What did you think about all the plotting against President Palmer? I almost giggled when Tom Lennox snuck into the room marked ”Danger: High Voltage” to have his chat with Reed: It was like something out of a Roadrunner cartoon. I did like the way Chad Lowe’s Reed was using all those mixed-metaphor euphemisms for taking out the prez: ”I’m just a conduit,” not ”the architect of it.” And that very Nixon-era scapegoat phrase: ”plausible deniability.” Again, Roadrunner: Beep-beep! Next stop: Watergate!

And what about the introduction of General Gredenko? Again, he seemed a little cartoony, specifically a little Rocky & Bullwinkle‘s Boris Badenov, to me when he yammered to his henchman, ”My country lost the Cold War because it was afraid to use these weapons!” I thought he might add, ”And Bauer and Assad are Moose and Squirrel — they must die!”

Onto family matters: Marilyn joined a long line of 24 females who dig Jack and are rewarded with only heartache. I’m not just talking about the trap she was put in by Jack’s dad, who threatened the life of her son, Josh, while she drove around with Jack looking for Gredenko’s house. (And don’t get me started on that wild-goose chase: Hmmm, let’s see, it was a couple of months ago, but, yeah, sure, Jack, if you drive me around for a while, I might recognize the house — we’ve got all afternoon, don’t we?) No, my genuinely favorite moment last night, seriously, was when Marilyn asked Jack if she was one of the reasons he left home and enlisted in the military, and Jack snorted almost derisively before giving her a curt ”No.” Done like a true tough-guy nursing a broken heart; bravo, Kiefer.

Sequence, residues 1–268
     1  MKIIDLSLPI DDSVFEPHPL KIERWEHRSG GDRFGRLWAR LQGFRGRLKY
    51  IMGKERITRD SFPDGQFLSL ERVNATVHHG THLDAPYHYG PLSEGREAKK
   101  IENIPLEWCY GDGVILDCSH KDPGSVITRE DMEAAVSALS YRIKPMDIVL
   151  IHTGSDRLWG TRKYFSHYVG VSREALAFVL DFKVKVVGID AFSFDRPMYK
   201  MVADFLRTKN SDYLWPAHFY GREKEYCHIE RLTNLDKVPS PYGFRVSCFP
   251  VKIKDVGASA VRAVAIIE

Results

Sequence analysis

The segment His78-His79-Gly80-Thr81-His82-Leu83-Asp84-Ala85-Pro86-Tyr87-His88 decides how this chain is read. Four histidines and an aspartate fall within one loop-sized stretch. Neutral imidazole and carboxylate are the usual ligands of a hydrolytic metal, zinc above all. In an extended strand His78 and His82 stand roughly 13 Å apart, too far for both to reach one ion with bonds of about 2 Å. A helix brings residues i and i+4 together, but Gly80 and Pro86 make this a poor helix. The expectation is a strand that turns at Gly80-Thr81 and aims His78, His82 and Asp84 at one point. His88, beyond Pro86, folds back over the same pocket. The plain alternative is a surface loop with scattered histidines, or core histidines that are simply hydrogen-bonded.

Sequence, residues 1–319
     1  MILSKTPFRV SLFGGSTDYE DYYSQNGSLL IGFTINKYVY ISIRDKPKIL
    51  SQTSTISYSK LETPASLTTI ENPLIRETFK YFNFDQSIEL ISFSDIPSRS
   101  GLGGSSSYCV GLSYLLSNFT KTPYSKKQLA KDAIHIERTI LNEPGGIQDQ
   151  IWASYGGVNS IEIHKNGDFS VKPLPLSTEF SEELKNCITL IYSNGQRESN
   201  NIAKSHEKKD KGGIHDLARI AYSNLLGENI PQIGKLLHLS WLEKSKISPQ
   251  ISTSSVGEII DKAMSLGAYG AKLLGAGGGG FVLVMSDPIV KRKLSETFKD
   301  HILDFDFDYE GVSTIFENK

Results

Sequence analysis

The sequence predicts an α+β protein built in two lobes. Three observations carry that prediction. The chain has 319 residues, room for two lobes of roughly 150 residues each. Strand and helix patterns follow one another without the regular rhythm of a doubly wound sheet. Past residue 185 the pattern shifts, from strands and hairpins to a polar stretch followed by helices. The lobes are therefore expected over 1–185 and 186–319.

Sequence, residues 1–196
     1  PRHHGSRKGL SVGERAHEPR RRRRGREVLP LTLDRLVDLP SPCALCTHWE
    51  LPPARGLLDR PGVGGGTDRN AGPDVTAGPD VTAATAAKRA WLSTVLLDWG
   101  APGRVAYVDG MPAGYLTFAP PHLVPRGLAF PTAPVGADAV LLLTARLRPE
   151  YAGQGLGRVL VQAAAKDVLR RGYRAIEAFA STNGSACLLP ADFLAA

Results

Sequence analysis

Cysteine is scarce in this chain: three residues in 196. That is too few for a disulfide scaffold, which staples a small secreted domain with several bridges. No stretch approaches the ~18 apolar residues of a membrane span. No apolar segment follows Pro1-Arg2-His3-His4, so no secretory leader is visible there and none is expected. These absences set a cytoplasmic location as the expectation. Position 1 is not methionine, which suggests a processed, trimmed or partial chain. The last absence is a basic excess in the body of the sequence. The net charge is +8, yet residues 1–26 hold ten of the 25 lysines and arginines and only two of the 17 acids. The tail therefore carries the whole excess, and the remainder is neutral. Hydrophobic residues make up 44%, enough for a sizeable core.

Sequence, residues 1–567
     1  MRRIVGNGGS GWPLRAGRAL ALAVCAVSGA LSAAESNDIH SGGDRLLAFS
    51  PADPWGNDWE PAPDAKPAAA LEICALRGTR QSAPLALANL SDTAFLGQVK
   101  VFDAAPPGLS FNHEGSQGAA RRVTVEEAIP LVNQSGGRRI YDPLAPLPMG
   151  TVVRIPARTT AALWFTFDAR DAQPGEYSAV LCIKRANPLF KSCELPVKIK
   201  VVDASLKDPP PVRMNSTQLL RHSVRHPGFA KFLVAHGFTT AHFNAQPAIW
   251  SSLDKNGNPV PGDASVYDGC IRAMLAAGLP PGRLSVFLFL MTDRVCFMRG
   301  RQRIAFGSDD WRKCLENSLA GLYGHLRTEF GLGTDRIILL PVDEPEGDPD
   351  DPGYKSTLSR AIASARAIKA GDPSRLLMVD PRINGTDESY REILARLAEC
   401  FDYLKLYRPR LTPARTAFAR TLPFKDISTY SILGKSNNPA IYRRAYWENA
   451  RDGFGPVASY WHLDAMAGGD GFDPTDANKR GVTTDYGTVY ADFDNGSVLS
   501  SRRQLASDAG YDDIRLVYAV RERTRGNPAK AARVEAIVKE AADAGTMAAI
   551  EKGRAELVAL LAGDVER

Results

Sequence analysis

Well, okay, here’s what I also liked about last night: Gredenko thinks he is going to be able to make the U.S. believe that all this was the doing of ”the Arabs”: nice trick if he can pull that off. I like the fact that Bill Buchanan offered to ”adjust the report” on Jack’s interrogation of Graem and that Jack insisted he not do that: Planting the seeds of more guilt for Jack is always good for this most stressed-out hero. And I still like the evil-father subplot — James Cromwell’s Philip extended this to a solid evil-grandfather subplot, and quite chillingly.

Here’s my bottom line: A mostly frustrating two hours, but we can still look forward to Powers Boothe finally unleashing some truly awesome bad behavior. You just know something suitably awful is going to happen to that weasel Reed, eventually. And as I said: Gregory Itzin. Jean Smart. Now that 24 has gone a little crazy, the show needs to send in its major crazies ASAP.

What do you think: Are you buying all this more than I am, at this point? And help me out: Have we seen that shady guy Carson, who Reed called in the first hour, somewhere before? And do you still suspect that Josh is Jack’s son? Come on, 24 faithful: Less it’s just a show and more here’s what I like and dislike about the show, please.